CHICAGO – Protesters marched, carried signs and called for a boycott Saturday because their beloved Marshall Field's store, the shopper's magnet on State Street for more than a century, had been replaced by a New York icon — Macy's.
"Hell No. Not My Dough" and "Macy's Is Just Wal-Mart with Pretension," read some of the signs carried by demonstrators, who also toted Field's signature green shopping bags.
The store is one of about 400 properties nationwide being converted to the Macy's nameplate by Federated Department Stores Inc., which acquired them when it bought May Department Stores Co. last year.
But unlike most of them, the big Marshall Field's store had amassed generations worth of loyalty.
Amelia James said she treasures childhood memories of dressing up in white gloves to have lunch in the store's Walnut Room with her grandmother, Grace Denny Elder. She said she was going to cut up her Field's credit card and boycott Macy's.
"My grandmother was born in 1898. She shopped here her whole life," said James, 48, of Chicago. "There were six kids in our family. We didn't have a lot of money, but when she brought us here to Marshall Field's, it was one of the most special things."
The store was built in stages from 1892 to 1914, and was open during at least part of that period. Its name came from retailer Marshall Field, who got his start as a salesman in a Chicago dry goods store in 1852.
James was one of roughly 100 demonstrators who objected to the name change Saturday morning.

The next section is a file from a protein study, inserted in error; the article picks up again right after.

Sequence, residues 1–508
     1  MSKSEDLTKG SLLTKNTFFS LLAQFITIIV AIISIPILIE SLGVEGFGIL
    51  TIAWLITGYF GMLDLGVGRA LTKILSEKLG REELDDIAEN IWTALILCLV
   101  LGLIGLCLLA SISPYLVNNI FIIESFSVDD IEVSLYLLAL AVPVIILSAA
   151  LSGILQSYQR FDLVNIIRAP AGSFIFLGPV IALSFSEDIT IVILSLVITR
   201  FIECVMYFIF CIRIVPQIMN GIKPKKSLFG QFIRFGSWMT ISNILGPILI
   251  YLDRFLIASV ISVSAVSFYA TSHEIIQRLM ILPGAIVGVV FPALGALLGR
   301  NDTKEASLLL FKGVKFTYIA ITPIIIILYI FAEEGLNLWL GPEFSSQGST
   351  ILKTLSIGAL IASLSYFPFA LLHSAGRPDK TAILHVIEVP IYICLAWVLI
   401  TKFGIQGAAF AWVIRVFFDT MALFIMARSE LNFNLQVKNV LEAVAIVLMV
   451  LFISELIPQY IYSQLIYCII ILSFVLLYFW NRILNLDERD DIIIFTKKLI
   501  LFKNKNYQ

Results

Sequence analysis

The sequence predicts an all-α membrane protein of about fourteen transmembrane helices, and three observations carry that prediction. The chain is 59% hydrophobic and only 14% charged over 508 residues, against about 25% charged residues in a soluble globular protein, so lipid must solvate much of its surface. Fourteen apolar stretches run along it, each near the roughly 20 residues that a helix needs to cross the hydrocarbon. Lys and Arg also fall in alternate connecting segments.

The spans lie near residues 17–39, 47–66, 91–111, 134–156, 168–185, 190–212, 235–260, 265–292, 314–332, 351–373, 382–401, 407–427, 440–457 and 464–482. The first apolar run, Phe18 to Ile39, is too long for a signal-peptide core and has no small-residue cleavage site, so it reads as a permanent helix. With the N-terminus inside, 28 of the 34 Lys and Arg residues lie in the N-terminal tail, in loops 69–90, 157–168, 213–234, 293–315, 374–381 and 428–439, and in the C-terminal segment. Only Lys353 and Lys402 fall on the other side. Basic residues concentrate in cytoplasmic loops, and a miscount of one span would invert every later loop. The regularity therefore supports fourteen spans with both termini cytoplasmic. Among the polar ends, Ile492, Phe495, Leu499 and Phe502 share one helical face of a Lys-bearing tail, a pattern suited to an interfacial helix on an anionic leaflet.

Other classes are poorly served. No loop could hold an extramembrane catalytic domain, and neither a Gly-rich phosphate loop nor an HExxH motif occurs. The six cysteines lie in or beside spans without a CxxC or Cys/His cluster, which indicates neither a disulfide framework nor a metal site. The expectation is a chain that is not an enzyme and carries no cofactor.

At the same time, however, hundreds of shoppers had started lining up two hours before the doors opened. Once inside, they listened to a jazz quintet as they used $10 Macy's gift cards handed out to the first arrivals. Workers in Macy's T-shirts offered silver trays of complimentary doughnut holes and coffee in glass cups.
"Things change," said Chicagoan Mary Peterson, 64, the first person in line before the store opened. Peterson worked for 18 years at Field's, packing the store's popular Frango mints into boxes as they came off the conveyor belt in the candy kitchen. She said she welcomes Macy's and was planning to shop for shoes Saturday.
"My mother worked here years ago when she was pregnant with me. I feel like it's a part of me," Peterson said of Field's. She acknowledged feeling nostalgic, but said she didn't object to the name change.
Macy's will continue selling Frango mints, but without the name Marshall Field's on the box.
The Marshall Field's building, covering a full city block, was designated a National Historic Landmark in 1978. The department store occupies eight of its 12 floors.
Federated, based in Cincinnati, became the nation's largest department store retailer when it bought May. The switch to the Macy's nameplate will give Federated a total of more than 800 Macy's stores in 45 states, the District of Columbia, Guam and Puerto Rico.
The company spent months preparing for the name change, switching credit cards, store signs and advertising. Federated officials said they can give consumers better products and a better shopping experience by unifying the stores under the Macy's label.
Along with the Marshall Field's nameplate, a number of Saturday's protesters also mourned the loss of other consumer landmarks in Chicago. Carson Pirie Scott's State Street store is scheduled to close next March and the Berghoff Restaurant closed in February, although it reopened as the Berghoff Cafe in April.
"It's these icons of our city that make it special," said Chicagoan Michael Moran, 47, who wore a White Sox ball cap and carried a large Chicago flag.
He said Federated could have retained the Field's name by simply adding the words "a Macy's store."